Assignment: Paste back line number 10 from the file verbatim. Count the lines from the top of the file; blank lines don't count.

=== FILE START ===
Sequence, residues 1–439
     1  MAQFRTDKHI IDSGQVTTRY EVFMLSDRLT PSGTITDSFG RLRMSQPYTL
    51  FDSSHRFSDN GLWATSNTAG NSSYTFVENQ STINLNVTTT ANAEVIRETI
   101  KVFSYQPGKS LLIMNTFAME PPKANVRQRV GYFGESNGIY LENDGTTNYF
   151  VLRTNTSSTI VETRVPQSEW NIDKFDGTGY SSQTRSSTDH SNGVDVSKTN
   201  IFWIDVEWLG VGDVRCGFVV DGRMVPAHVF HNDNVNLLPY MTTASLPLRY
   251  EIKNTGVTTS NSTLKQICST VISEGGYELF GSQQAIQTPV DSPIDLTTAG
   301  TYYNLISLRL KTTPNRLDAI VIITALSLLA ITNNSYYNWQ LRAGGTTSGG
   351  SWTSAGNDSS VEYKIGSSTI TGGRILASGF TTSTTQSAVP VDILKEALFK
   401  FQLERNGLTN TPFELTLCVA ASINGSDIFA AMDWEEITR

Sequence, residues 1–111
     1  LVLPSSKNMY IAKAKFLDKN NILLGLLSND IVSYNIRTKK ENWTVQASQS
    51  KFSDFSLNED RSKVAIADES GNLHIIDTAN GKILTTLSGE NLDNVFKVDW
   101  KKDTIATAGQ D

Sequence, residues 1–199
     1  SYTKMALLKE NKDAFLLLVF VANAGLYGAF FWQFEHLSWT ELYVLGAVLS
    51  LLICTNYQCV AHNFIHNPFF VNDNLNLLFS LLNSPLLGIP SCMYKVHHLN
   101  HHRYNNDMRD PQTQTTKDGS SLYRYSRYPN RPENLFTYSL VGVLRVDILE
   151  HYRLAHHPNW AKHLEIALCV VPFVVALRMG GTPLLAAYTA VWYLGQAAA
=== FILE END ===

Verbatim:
   401  FQLERNGLTN TPFELTLCVA ASINGSDIFA AMDWEEITR